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porary leaders. Max O'Rell and Rainbow are being outfooted by the rushing David. Now he is ahead, and Rainbow and Max O’Rell and Seltzer are abreast close behind. But Billy has taken advantage of the momentary lead to snatch the pole, and is close behind the leader. Now they are near the last turn. Rainbow and Max O’Rell are beginning to pound heavily, and are dropping farther and farther back. But what black nose is this which has come up close to Seltzer's flank? Billy glances around. Wonder of wonders, it is Mortality-a rank outside.. It looks as though there was to be a surprise-party. Inch by inch the new-comer is gaining. How Billy longs to get into the home-stretch, so that he can push the mare a bit! Mortality is coming on like a whirlwind. David is close ahead. Seltzer will be in a pocket in another dozen yards, with too short a distance left to go round on the outside, keep up the pace, and have an even show at the finish. It must be now or never, instructions or no instructions. He loosens up on the mare, calls to her, taps her lightly, and feels her respond as she straightens out under him.

They gain a foot or two, but still Mortality hangs close at Billy's saddle and David's tail brushes Seltzer's nose. It isn't enough. Something must be done, quick.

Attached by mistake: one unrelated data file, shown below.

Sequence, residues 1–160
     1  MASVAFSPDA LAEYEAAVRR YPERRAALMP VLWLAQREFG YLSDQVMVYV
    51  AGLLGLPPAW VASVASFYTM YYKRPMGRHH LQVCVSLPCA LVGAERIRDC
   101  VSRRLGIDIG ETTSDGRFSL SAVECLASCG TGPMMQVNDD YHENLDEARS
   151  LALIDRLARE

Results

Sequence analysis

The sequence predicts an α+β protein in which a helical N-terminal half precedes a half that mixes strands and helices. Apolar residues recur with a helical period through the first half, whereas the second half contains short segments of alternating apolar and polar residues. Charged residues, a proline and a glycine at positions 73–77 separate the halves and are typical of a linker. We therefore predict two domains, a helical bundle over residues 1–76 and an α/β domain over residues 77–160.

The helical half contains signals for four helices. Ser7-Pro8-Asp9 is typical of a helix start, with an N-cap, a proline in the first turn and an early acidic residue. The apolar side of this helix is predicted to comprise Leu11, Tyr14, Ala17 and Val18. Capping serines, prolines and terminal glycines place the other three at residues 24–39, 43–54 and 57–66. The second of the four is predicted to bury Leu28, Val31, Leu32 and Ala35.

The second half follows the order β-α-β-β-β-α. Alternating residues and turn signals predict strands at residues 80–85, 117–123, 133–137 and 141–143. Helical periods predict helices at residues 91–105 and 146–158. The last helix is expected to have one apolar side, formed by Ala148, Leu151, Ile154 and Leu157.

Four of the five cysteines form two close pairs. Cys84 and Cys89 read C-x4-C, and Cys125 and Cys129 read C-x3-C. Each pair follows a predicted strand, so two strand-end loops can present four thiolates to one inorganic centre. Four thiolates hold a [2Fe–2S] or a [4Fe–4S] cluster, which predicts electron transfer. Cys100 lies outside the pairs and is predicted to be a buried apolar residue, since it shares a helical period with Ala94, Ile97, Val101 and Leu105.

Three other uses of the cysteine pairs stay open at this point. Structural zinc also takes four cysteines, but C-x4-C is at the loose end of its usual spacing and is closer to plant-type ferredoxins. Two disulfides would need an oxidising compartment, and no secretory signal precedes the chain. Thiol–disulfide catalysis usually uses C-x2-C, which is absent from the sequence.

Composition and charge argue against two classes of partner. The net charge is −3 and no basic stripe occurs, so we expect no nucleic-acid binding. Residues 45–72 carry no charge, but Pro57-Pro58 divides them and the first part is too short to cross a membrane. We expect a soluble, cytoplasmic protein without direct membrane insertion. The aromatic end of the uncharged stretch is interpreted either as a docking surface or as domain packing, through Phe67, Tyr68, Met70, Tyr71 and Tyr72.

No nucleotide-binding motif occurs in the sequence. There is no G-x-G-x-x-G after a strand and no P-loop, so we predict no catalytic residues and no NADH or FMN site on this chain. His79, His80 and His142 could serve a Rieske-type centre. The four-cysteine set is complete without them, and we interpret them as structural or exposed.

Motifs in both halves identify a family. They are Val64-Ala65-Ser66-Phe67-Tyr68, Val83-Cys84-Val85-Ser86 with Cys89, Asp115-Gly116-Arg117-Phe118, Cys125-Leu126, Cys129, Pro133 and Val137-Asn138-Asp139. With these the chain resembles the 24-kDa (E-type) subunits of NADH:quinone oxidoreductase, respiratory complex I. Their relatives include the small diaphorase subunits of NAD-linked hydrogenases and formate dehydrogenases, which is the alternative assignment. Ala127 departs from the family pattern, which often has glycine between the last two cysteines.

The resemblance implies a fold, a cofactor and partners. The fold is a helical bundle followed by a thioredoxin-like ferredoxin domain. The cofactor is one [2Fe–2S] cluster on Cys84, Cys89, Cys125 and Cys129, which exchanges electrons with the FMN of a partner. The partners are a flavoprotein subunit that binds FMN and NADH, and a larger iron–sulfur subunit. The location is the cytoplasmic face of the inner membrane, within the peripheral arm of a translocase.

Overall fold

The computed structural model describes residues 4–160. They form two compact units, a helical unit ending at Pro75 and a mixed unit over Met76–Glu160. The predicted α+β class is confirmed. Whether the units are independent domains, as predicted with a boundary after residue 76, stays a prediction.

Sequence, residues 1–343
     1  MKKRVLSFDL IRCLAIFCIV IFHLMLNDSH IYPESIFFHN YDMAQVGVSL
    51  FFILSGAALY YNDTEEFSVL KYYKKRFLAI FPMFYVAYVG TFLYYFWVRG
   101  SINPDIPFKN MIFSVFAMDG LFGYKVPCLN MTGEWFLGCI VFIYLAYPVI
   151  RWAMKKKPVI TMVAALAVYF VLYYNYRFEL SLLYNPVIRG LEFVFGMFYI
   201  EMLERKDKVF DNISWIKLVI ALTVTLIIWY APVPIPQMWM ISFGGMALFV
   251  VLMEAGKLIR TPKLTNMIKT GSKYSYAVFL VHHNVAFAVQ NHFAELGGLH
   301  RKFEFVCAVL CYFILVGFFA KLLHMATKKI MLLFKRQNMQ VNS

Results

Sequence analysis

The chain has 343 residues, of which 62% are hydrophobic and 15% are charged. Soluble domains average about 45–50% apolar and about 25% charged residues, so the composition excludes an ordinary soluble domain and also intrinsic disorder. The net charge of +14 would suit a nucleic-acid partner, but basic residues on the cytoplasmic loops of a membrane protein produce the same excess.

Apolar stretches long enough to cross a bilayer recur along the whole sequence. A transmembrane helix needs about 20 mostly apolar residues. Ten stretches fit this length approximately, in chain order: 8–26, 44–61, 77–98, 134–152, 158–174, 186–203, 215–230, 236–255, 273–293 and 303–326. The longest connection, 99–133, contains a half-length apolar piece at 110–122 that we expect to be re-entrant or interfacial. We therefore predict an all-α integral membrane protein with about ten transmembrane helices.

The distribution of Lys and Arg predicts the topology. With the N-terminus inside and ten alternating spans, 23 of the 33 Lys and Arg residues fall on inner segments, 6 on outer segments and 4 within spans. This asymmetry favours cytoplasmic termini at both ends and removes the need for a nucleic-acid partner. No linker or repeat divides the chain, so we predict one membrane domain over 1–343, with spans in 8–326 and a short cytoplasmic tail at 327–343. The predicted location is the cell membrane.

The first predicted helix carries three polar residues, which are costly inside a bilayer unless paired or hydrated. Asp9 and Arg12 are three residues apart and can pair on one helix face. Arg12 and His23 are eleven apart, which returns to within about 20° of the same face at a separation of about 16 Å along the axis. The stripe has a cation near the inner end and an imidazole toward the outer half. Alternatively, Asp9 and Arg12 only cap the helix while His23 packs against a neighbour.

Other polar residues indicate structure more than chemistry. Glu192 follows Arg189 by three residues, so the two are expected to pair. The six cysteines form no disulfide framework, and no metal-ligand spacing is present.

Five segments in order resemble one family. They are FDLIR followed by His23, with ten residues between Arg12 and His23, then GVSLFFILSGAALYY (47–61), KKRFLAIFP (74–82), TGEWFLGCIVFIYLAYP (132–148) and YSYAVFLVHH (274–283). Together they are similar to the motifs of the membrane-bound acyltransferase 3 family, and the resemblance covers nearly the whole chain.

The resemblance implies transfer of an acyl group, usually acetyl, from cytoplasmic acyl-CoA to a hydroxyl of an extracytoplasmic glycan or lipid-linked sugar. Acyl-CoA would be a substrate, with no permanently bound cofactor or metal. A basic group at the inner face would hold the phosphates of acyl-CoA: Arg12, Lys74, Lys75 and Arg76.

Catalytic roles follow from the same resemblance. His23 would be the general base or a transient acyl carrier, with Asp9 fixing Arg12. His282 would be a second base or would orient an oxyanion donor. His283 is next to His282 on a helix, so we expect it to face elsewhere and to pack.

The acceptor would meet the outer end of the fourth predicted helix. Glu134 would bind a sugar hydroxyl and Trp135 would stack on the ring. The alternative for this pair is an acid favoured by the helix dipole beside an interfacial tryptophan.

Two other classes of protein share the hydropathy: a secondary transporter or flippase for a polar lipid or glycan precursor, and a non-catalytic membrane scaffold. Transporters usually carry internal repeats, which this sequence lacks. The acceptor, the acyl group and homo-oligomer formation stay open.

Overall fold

“Forgive me, ol' girl," ejaculates Billy, as he raises his whip and, with almost a sob that he is obliged to do it, brings the lash down sharply on the mare's Alanks. With a maddened bound she springs ahead,

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her ears laid back and her nose stretched out almost on a line with her neck. Billy swings her out, and they come straining down the stretch, with the mare gaining inch by inch on the leader; now she is on his quarter—the saddle; a few bounds, and it is neck and neck.

Mortality has swung out, and is following close behind, third from the pole. The wire is terribly

Whoever wins will win by a short head. Suddenly something happens. A nurse-girl with her escort down close by the fence has become too deeply interested, and her little charge has toddled out upon the track, and stands piteously helpless right in the path of the flying racers. Billy sees it all in an instant—the horrified expression on the nurse-girl's face and the dazed look of the little toddler on the track ahead. He can guide Seltzer around her, he thinks, but nothing can save the baby from the rushing "field" behind.

What can he do? A single false move, and the race is lost. It won't be his fault if the child is crushed, anyway, and to win the race means so much! But, someway, something in the appealing face of the baby makes him think of the little sister asleep in the tiny English church-yard so far away over the water, and-he can't help it, he must do something. But what?

Like a flash he remembers a picture he once saw of a brave hussar who snatched a little child from in front of a flying regiment of horse; but this was so different! He knew he would fail; but he must try

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With one hard pull on the reins he drops them, and with a cry to Seltzer he slips his left foot through the stirrup and draws the slender iron up to his knee, kicks his other foot clear, and throws himself wildly to the right, straight down over the horse's side. There he hangs, by one knee, head down, his arms outstretched, and his little body swinging wildly against the racer's side at every bound.